Crumlin worker overpaid for two years in court for theft
A HARD-UP health care worker talked of having an extension built on her house and buying a hot tub, after an administrative error led to her receiving nearly double her salary for two years, a court heard.
Ann Barnes’ line manager told Cardiff Crown Court that Barnes needed compassionate leave amid fears that she would lose her house because of financial difficulties, but was suddenly turning down extra shifts and buying an expensive ballgown.
Barnes, 47, of Prince Andrew Road, Crumlin, is on trial for theft after denying taking £3,326.38 she wasn’t entitled to between April 2009 and January 2011.
Prosecutor Nicholas Gedge told the court that Barnes was a part-time call handler for the Aneurin Bevan Health Board out-of-hours GP service based at Cwmbran, working 19.5 hours a week.
In February 2009 she was promoted to the role of assistant senior operational co-ordinator on a pay band two levels higher.
Mr Gedge said that in March 2009 Barnes received two pay slips – one for a new wage of £822 and one for an old wage of £612, with both amounts paid to her.
In April 2009, pay roll officer Sadie Titcombe asked her why she was getting two wages and only giving in one timesheet.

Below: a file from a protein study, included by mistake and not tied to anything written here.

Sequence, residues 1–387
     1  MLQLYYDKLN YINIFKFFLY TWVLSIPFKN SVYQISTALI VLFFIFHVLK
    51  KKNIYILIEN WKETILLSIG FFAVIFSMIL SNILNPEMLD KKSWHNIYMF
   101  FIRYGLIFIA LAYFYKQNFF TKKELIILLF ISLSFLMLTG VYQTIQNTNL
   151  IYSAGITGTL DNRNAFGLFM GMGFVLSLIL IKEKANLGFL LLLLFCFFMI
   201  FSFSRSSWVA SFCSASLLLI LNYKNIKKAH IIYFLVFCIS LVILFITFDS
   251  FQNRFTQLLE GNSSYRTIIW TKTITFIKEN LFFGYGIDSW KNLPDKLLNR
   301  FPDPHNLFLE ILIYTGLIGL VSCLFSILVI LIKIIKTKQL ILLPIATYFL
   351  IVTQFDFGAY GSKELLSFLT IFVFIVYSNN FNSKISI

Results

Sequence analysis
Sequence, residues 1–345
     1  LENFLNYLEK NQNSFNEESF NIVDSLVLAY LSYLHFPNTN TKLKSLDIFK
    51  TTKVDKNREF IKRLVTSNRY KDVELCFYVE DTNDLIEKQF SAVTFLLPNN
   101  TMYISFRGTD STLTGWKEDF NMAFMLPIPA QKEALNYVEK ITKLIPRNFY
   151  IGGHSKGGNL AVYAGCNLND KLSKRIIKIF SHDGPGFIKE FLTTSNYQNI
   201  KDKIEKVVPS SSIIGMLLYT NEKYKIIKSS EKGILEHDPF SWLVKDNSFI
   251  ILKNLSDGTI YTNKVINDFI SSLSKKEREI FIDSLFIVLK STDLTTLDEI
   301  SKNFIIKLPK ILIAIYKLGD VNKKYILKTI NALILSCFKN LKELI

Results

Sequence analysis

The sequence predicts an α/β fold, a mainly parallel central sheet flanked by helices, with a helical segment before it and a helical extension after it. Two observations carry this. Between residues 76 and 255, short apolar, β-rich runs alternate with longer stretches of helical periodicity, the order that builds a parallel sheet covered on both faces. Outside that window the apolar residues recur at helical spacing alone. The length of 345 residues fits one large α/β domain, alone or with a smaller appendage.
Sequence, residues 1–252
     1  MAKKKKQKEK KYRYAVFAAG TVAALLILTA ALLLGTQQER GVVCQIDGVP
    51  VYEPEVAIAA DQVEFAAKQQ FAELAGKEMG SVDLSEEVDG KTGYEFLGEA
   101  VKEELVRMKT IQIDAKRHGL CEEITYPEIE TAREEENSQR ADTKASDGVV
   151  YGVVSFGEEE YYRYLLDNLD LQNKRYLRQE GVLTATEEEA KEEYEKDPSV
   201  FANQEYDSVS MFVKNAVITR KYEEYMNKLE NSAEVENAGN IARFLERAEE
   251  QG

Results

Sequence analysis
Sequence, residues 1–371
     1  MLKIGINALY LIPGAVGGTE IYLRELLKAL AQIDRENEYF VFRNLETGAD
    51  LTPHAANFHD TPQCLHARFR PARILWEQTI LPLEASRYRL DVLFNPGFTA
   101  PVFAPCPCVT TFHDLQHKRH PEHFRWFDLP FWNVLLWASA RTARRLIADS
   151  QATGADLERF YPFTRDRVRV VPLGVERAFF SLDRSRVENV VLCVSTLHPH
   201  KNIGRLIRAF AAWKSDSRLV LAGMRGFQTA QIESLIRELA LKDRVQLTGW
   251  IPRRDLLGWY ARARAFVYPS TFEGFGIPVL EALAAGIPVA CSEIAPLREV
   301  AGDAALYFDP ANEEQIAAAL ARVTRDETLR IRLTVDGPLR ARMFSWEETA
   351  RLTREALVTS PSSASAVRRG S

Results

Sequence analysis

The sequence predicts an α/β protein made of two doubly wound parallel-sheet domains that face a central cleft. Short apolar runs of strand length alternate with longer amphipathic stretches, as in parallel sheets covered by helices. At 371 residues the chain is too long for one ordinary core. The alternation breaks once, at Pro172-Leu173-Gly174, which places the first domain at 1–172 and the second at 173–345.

Ms Titcombe told the court that Barnes told her as one of her jobs was nine to five, she didn’t need to give a payslip in for that one. Mr Gedge said that, between February 2009 and April 2011, Barnes should have received £19,954 for a new 16.5 hours a week role but instead received over £33,000.
After being arrested Barnes said that on taking her new job she was unclear of her newwage but knewshe would be substantially better off, the court heard.
Barnes’ line manager Ann Poyner told the court Barnes had financial difficulties in 2006 and was granted compassionate leave to sort out her financial problems, amid fears she would lose her home.
But Ms Poyner said she later started talking about buying an expensive ballgown for her daughter’s graduation, a holiday, and having an extension built on her house.
Ms Poyner said she offered her a bank holiday shift, thinking she would need the money because of her previous financial problems. She said she was “a bit shocked” when she was told by Barnes that the defendant was going for a meal with her husband and then to the garden centre to look at buying a hot tub, so couldn’t work the shift.
Ms Poyner eventually contacted payroll after realising something wasn’t right.